It is just so easy to convince ourselves of the external reality of projections. So easy to believe that the attitudes or motivations we perceive are accurate. So easy to see another person – one much more similar to ourselves than a worm – and to honestly believe that we know where they are coming from. But, these beliefs are not necessarily any more accurate than my son’s deduction about the gender of hairless worms.

I am thinking particularly of the areas of human interaction that can exist in the absence of strong personal relationships, because relationships require some level of intimacy. When we know another person as an individual we have some awareness of their differences from ourselves. We experience them a separate. But our shrinking, digitized world is increasingly providing us with opportunities for interaction that lack this interpersonal, relational element. When those interactions also have the capacity to elicit strong emotional reactions we have a recipe for projections run wild.

I am thinking particularly of politics and religion.

Politics and religion. They have always been somewhat taboo subjects for polite conversation, of course, because of their tendency to engender strong emotions. In the age of online comment feeds, however, the taboo has been lifted. Why worry about being offensive when you are screened by the anonymity of a computer screen? And why consider the humanity of your adversary in a vitriolic word battle when those words are typed at arm’s length from your keyboard, or your smart phone screen?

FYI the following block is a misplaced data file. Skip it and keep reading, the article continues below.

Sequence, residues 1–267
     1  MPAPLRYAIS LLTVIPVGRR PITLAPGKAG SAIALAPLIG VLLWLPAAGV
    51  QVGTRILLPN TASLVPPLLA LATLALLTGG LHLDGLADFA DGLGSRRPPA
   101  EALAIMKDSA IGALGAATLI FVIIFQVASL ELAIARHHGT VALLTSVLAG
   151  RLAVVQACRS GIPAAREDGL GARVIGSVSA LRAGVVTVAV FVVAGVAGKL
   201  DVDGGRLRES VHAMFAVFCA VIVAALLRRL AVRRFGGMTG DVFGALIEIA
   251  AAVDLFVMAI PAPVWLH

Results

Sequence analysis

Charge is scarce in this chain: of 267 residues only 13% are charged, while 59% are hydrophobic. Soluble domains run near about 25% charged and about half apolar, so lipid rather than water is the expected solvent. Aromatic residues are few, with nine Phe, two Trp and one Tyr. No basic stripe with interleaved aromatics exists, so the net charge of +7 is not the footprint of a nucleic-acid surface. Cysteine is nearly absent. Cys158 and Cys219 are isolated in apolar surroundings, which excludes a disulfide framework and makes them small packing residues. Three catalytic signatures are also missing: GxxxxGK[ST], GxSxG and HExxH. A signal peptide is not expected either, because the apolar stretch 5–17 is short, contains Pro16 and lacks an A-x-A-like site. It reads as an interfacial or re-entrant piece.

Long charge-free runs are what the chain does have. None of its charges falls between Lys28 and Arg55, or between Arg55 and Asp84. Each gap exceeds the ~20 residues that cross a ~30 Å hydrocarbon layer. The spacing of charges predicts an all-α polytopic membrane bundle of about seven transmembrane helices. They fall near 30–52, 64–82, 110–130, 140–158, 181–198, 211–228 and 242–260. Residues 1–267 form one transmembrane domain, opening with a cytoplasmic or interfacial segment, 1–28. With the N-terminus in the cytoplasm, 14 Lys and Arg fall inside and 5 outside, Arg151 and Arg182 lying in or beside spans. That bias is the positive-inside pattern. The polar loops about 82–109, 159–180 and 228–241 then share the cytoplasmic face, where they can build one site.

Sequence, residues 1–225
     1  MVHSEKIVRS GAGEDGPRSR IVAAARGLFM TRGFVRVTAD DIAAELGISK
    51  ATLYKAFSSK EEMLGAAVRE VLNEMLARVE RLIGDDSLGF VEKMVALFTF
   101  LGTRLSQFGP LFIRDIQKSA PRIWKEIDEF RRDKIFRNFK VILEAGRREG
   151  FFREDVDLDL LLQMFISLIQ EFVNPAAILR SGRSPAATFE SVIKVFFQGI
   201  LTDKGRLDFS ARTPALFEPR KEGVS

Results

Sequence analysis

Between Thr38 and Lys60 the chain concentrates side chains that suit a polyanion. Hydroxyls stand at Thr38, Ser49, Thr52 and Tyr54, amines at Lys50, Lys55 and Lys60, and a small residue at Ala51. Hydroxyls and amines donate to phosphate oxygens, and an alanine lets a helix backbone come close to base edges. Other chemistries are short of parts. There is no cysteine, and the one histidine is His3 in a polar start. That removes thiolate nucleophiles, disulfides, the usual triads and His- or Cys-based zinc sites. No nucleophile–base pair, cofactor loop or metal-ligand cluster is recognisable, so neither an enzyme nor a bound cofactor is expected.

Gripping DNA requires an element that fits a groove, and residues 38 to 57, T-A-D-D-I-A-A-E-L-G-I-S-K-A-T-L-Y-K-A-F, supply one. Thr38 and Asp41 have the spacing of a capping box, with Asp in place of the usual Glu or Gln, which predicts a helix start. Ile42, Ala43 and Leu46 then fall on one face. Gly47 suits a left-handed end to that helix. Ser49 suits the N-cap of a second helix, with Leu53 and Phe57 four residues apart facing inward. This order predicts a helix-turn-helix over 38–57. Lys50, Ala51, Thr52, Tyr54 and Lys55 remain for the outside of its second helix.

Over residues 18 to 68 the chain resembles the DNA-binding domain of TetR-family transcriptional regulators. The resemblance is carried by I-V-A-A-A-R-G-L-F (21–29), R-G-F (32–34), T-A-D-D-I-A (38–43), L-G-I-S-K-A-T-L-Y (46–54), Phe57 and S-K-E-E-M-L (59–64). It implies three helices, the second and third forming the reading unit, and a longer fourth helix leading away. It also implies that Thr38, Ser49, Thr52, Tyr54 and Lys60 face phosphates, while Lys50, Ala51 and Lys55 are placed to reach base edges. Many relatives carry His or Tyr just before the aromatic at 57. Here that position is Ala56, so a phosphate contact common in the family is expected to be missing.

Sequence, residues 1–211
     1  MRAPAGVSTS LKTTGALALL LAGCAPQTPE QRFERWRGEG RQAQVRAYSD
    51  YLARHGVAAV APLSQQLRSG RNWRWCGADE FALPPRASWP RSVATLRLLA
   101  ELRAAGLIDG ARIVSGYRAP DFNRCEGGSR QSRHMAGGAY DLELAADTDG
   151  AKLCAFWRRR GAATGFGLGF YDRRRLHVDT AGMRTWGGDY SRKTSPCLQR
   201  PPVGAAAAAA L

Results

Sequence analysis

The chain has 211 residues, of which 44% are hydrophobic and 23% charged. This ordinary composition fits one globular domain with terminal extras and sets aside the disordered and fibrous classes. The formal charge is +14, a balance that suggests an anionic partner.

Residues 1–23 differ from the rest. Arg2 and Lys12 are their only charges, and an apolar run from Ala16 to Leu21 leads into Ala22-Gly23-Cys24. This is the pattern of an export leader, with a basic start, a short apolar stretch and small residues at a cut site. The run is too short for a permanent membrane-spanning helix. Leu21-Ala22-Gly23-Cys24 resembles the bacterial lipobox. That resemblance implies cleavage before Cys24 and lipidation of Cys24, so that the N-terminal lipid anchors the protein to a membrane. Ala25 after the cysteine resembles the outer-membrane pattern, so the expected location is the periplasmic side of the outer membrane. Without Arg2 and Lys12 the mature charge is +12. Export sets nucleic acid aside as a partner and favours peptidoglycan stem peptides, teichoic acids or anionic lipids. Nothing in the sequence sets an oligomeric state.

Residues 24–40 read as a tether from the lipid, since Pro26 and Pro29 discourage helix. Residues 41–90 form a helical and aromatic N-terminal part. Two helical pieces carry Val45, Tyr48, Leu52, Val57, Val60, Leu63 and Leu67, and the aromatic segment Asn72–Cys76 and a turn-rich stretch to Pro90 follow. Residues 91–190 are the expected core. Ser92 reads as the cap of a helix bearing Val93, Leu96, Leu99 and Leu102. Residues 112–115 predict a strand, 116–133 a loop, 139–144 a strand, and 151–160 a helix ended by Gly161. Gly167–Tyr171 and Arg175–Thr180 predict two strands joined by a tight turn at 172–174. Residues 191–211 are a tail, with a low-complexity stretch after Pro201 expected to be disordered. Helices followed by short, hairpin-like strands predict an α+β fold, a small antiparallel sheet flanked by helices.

Of course, it is not always apparent to us that we have stopped seeing other people as actual people – people with different thoughts and feelings than ourselves. In fact, on the surface it seems abundantly clear that we see nothing but their differences. But this is exactly the impression that the Gigglemonster’s worm-friendships helped me to recognize as a fallacy.

“Projection” is the term psychoanalysts use to refer to unconscious interpretations of another’s feelings or beliefs that arise not from that other person but rather from the person doing the interpreting. So, when we are engaged in a twitter battle with some faceless representative of the opposite side, and we are certain that we can precisely pin down their nefarious motivations for holding such an untenable position, the situation begs the question of exactly how we can be so sure. When our argument is not with a personal we actually know – someone with whom we have shared the kinds of interpersonal interactions that allow us to recognize them as a separate person who thinks and feels differently than we do, on what is this assurance based? Chances are, that sense of certainty is actually derived from projections.

In making these projections we have a least two possible paths to take.

The first is to imagine what feelings or attitudes we would be experiencing if we were exhibiting the behaviors we observe. In a sense, this is what I am doing when I squirm away from the wriggling residents of my garden. I see frantic-seeming motion and I subconsciously believe that I am interacting with a being under the influence of fight or flight instincts. My own heart beat elevates; I feel the sympathetic rush of adrenaline that tells me to lash out to protect myself; and I know that I want nothing to do with a creature acting under those kinds of stress. I am tapping into my less charitable tendencies and therefore ascribing antagonistic motivations.